Despite the recent good news that cancer incidence and death rates for men and women in the United States continue to decline, cancer is projected to become the leading cause of death worldwide in the year 2010, and low- and middle-income countries will feel the impact of higher cancer incidence and death rates more sharply than industrialized countries.
The nation's leading cancer organizations joined forces Dec. 9 at an event called Conquering Cancer: A Global Effort, to focus attention on the growing global cancer burden and discuss efforts needed to address the problem. The International Agency for Research on Cancer (IARC) released the new edition of the World Cancer Report. The American Cancer Society, the Lance Armstrong Foundation, and Susan G. Komen for the Cure discussed how each organization is addressing the global cancer problem and together issued a call to action for the incoming United States presidential administration and Congress. In addition, a new international documentary film entitled "Cancer Is…" was premiered.
According to the new report, the burden of cancer doubled globally between 1975 and 2000. It is estimated that it will double again by 2020 and nearly triple by 2030. This translates to far greater numbers of people living with – and dying from – the disease. The report estimates that there were some 12 million new cancer diagnoses worldwide this year, and more than seven million people will die from the disease. The projected numbers for the year 2030 are 20-26 million new diagnoses and 13-17 million deaths.
The growing cancer burden includes global increases of incidence of about one percent each year, with larger increases in China, Russia, and India. Reasons for the increased rates include adoption of Western habits in less developed countries, such as tobacco use and higher-fat diets, and demographic changes, including a projected population increase of 38 percent in less developed countries between 2008 and 2030.
In addition to increases in cancer incidence and death rates, the report identifies challenges in cancer care, especially in Africa, where pain management and palliative care are very limited because any use of narcotics is prohibited by law in several countries.
Sharing the stage were John R. Seffrin, Ph.D., chief executive officer, American Cancer Society; Lance Armstrong, founder and chairman, Lance Armstrong Foundation; Hala Moddelmog, president and chief executive officer, Susan G. Komen for the Cure; Peter Boyle, B.Sc., Ph.D., D.Sc.(Med), director, International Agency for Research on Cancer; Alejandro Mohar Betancourt, M.D., Sc.D., director, National Cancer Institute of Mexico, and Bill Gregory, a throat cancer survivor.
The American Cancer Society's Seffrin said, "For all of our 95 years the Society has pursued the vow of our founders to eliminate cancer in all humankind. We recognize that cancer strikes without regard to borders or socioeconomic status, and we support cancer control initiatives in more than 20 countries, and fund capacity building and tobacco control grants in some 70 countries – including the launch next week of our tobacco Quitline® in India. It is my hope that by bringing proven interventions to places in the world impacted most by this disease, we can diminish needless suffering and save many lives."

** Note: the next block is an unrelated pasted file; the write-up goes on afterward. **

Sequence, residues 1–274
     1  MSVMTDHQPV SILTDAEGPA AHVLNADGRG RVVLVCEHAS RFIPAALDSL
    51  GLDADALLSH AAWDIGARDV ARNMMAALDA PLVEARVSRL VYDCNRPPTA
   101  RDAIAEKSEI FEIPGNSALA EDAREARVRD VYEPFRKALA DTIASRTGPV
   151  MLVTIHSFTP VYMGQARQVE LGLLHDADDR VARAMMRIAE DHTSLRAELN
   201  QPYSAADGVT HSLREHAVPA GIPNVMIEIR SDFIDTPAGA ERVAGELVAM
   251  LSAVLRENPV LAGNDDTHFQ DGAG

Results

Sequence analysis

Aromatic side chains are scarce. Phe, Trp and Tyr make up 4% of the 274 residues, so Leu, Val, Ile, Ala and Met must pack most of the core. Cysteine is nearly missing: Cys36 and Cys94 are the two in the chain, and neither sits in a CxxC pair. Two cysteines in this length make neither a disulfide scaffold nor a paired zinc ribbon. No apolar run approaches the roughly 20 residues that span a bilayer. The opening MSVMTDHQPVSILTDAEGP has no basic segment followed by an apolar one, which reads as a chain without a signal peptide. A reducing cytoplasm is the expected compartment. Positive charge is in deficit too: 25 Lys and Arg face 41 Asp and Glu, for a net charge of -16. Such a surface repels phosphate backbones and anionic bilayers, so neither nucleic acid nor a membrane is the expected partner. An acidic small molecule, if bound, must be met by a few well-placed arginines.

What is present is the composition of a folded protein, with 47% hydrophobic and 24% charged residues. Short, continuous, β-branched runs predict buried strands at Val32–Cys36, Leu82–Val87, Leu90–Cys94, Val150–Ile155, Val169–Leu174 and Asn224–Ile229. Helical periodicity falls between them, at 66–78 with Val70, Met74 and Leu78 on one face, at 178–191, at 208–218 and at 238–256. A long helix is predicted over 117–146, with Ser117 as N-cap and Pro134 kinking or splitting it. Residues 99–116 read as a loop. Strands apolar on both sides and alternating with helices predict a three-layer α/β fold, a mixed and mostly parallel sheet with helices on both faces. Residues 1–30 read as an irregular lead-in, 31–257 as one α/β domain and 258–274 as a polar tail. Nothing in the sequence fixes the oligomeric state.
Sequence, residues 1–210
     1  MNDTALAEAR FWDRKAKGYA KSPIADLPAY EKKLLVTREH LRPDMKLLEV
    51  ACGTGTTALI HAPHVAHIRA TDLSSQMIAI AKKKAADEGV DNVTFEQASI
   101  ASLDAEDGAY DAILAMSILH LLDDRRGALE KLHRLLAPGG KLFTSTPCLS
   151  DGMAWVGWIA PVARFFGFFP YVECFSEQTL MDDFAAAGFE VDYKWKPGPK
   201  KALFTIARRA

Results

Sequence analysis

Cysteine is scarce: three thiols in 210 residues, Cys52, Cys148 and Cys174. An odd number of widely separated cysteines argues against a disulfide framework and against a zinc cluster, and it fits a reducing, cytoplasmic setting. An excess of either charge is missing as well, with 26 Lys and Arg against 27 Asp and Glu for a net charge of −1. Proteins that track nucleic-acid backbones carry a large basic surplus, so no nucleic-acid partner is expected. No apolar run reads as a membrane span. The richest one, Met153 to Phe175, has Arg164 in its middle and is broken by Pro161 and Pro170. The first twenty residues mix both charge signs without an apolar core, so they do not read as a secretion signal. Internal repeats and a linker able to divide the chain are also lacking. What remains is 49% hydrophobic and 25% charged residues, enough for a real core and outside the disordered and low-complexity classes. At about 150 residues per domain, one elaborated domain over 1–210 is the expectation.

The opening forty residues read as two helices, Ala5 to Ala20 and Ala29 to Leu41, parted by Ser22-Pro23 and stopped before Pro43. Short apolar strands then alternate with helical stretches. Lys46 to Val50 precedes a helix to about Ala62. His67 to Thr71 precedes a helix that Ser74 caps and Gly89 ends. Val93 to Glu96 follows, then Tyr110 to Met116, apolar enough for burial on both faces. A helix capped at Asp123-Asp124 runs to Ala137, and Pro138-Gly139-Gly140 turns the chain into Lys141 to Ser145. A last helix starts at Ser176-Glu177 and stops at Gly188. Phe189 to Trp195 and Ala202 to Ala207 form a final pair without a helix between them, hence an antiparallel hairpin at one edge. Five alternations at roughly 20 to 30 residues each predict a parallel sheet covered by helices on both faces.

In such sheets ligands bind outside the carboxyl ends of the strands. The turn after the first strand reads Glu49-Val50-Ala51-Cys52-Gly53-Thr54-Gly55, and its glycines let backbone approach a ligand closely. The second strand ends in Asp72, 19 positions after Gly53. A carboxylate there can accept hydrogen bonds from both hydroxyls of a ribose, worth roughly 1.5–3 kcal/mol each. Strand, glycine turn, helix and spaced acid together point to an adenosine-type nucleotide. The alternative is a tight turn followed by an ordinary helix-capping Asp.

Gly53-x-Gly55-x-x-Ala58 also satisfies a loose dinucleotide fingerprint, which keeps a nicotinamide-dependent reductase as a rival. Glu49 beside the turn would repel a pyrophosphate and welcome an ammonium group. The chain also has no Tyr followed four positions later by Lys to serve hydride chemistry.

Armstrong explained his foundation's international work, saying, "Since announcing the launch of our international cancer awareness campaign at the Clinton Global Initiative less than three months ago, we are already in discussions with more than 20 nations, NGOs and business leaders to advance this issue. Even in a challenging economy, people realize that with cancer there is progress to be made and prevention measures to be taken."
"Breast cancer alone will be diagnosed in 25 million women over the next 25 years. Susan G. Komen for the Cure already has changed the way we talk about and treat breast cancer in the United States, and we're bringing what we've learned to developing countries in Asia, Africa, Latin America, the Middle East and Eastern Europe. This 'global health diplomacy' approach, with its focus on better access to care, is already educating and empowering women worldwide, and it is critical if we're to save lives and resolve the growing global cancer crisis," said Hala Moddelmog, president and CEO of Susan G. Komen for the Cure.
Explaining the results of the report, Dr. Boyle said, "The rapid increase in the global cancer burden represents a real challenge for health systems worldwide. However, there is a clear message of hope: although cancer is a devastating disease, it is largely preventable. We know that preventive measures such as tobacco control, reduction of alcohol consumption, increased physical activity, vaccinations for hepatitis B and human papillomavirus (HPV), and screening and awareness could have a great impact on reducing the global cancer burden."
"We appreciate the opportunity to stand with leading cancer organizations in the United States to make global cancer a priority. In Mexico, we have seen the power of the government working with the NGO's, and look forward to collaborating globally to conquer cancer," said Dr. Mohar of Mexico's National Cancer Institute.
The six call to action steps issued by the three U.S. organizations include:
The news conference also featured the domestic launch of a new documentary film series focused on the global cancer problem titled "Cancer Is…" The documentary is narrated by former U.S. President George H. W. Bush, and was produced by France's Cemil Alyanak, a renowned expert on global health communications.
Cite This Page: